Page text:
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Open AccessReview

Arbuscular Mycorrhizal Symbiosis Affects Plant Immunity to Viral Infection and Accumulation

1
State Key Laboratory of Urban and Regional Ecology, Research Center for Eco-Environmental Sciences, Chinese Academy of Sciences, Beijing 100085, China
2
University of Chinese Academy of Sciences, Beijing 100049, China
*
Author to whom correspondence should be addressed.
Viruses 2019, 11(6), 534; https://doi.org/10.3390/v11060534
Received: 28 April 2019 / Revised: 4 June 2019 / Accepted: 6 June 2019 / Published: 8 June 2019
(This article belongs to the Special Issue Plant Immunity to Virus Infections)
Arbuscular mycorrhizal (AM) fungi, as root symbionts of most terrestrial plants, improve plant growth and fitness. In addition to the improved plant nutritional status, the physiological changes that trigger metabolic changes in the root via AM fungi can also increase the host ability to overcome biotic and abiotic stresses. Plant viruses are one of the important limiting factors for the commercial cultivation of various crops. The effect of AM fungi on viral infection is variable, and considerable attention is focused on shoot virus infection. This review provides an overview of the potential of AM fungi as bioprotection agents against viral diseases and emphasizes the complex nature of plant–fungus–virus interactions. Several mechanisms, including modulated plant tolerance, manipulation of induced systemic resistance (ISR), and altered vector pressure are involved in such interactions. We propose that using “omics” tools will provide detailed insights into the complex mechanisms underlying mycorrhizal-mediated plant immunity. View Full-Text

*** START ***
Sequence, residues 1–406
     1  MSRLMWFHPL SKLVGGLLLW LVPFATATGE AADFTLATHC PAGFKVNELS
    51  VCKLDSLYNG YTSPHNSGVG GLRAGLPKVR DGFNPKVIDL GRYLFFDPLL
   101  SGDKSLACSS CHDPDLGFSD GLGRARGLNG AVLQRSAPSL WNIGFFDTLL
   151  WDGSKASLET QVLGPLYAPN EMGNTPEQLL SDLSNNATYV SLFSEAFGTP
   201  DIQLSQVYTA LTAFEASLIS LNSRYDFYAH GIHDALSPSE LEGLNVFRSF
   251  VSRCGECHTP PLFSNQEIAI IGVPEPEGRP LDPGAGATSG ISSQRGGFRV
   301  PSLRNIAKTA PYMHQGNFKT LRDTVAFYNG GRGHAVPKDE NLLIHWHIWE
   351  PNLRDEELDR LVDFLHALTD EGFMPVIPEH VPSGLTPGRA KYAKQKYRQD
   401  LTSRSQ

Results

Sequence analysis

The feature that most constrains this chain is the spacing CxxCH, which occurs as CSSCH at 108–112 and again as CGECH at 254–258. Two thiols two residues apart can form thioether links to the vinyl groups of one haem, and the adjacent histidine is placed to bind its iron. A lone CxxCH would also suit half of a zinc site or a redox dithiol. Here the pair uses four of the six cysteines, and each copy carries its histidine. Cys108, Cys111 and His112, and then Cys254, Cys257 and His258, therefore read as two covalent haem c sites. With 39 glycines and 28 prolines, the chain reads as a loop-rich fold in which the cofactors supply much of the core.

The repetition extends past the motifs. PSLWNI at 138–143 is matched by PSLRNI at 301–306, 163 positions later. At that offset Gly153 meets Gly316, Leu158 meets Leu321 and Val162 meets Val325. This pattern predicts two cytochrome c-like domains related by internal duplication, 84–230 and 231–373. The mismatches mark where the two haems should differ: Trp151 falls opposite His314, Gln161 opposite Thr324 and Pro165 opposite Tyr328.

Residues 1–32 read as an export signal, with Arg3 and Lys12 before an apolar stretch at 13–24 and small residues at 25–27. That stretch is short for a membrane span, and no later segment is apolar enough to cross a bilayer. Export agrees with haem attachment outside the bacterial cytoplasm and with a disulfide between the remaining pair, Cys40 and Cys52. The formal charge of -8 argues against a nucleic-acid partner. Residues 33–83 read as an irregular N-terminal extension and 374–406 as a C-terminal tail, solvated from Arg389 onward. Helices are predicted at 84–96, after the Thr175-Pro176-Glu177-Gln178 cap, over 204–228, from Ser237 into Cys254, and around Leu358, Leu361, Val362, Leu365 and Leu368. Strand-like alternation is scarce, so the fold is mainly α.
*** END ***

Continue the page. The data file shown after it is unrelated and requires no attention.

Keywords: mycorrhiza; immune priming; virus-responsive genes; root colonization; symptom severity mycorrhiza; immune priming; virus-responsive genes; root colonization; symptom severity
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MDPI and ACS Style

Hao, Z.; Xie, W.; Chen, B. Arbuscular Mycorrhizal Symbiosis Affects Plant Immunity to Viral Infection and Accumulation. Viruses 2019, 11, 534.

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